The mask components in front are Purdue’s first two prototype designs working toward a final design to injection mold. Designed by second year grad student Kevin Del Rey. Background: the face shields and glasses, produced by second year grad student Soho Yun, are laser/water jetted out of sheets of plastic. All photos: Purdue University.
Through a Herculean display of institutional coordination, the Indiana Manufacturing Competitiveness Center (IN-MaC) — using its new digital manufacturing testbed at Purdue University — has pooled its resources with several other university departments and hospitals to manufacture critical parts needed by healthcare workers to battle the coronavirus, such as personal protective equipment (PPE) and ventilator fittings to increase overall ventilator capacity at regional and state hospitals. The Purdue collective is now involved in designing and manufacturing multiple ventilator fittings, developing a prototype fitting for hazmat suits, and producing up to 1,000 sets of face shields and glasses per day. The group is also in prototype development for a reusable N95-compliant mask with interchangeable filter cartridges.
Beginning around March 20th, after the university had largely shut down its campus, faculty, staff and students at Purdue University began coordinating with Purdue’s College of Health and Human Services, the Purdue Polytechnic Institute, the College of Engineering, the College of Pharmacy and its School of Nursing, as well as six research labs that all have design and production capability.
Secondary operation for female hazmat fittings produced at Purdue University.
Dr. Nathan Hartman, Purdue’s Dauch Family Professor of Advanced Manufacturing and co-Executive Director of IN-MaC, now leads a group of more than 50 people who are coordinating with regional and state hospitals to manufacture PPE parts via CNC machining and additive manufacturing technologies located on campus.
Dr. Hartman likens the university’s response to the federal Defense Production Act, albeit executed at the county level. “We're in direct connection with four of our hospital systems in the state of Indiana as well as Indiana University Medical Center and the Indiana University School of Medicine, who have been advising us a lot on the technical and clinical details about all of this so that we’re making things that can actually be used. We’re not just out here winging it as hobbyists.”
This CAD model, designed by a Purdue graduate student, is a Y fitting for splitting ventilators.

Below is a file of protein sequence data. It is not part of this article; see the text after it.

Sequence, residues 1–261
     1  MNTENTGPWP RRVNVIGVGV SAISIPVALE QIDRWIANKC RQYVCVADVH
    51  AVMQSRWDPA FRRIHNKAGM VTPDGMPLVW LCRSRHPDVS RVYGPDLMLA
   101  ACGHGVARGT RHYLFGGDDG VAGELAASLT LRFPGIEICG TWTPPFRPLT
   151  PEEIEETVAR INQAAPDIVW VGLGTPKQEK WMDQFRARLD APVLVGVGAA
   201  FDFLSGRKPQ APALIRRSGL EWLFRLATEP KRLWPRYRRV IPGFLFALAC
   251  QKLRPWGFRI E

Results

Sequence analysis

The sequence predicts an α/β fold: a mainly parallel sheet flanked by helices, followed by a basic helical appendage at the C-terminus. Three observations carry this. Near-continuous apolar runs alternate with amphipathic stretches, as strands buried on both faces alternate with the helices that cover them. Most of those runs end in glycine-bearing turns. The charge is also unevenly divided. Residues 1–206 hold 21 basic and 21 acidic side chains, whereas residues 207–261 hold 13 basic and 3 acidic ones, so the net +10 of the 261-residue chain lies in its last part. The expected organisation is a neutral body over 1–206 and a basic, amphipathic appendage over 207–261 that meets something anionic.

Jacob Coffing, a senior engineering tech for IN-MaC, says some of the parts being manufactured at Purdue are the result of a local hospital’s urgent problem: The hospital had two different types of hazmat suits with fittings that were not interchangeable. With the help of a graduate student, IN-MaC came up with a fitting that could interchange across the different suit types, allowing the hospital to use the same hoses on all 200 of its suits rather than only half of them. IN-MaC is machining the fittings on a Haas VF-2 VMC.
Meanwhile, Purdue is producing ventilator fillings — specifically smaller, straight inline fittings — at a clip of 60 per hour. More advanced fittings like elbow and Y fittings that require certain profiles to be milled can take anywhere from a minute to five minutes apiece in machining cycle time. Mr. Coffins says that all of these fittings are being produced via lights-out machining on a bar-fed Haas ST-20 lathe, with some parts moving on to a Haas VF-2SS machining center with an add-on fourth axis for final operations such as 3D profiling.
Jacob Coffing at Purdue University operates a Haas ST-20 lathe to machine hazmat suit fittings.
Overall production at Purdue ramped up quickly in mid-April, although Dr. Hartman warns that acquiring materials is already beginning to be a challenge as the materials supply chain begins to tighten.
“Purdue has a really wide industrial and community partner network, as well as tens of thousands of living alumni,” Dr. Hartman says. “And so, a lot of different channels basically asked us, what is Purdue doing to help? And it was a number of faculty members who simply just took it upon themselves to try to try to do something. Our state has not been hit as hard as New York or California or Seattle. Yet. But we are fairly certain it's coming. And we're trying to equip our health care systems as best we can. I don't believe that here at Purdue we’ll be anyone's sole supplier, but we can very much put a finger in the dike so the dike doesn't break.”
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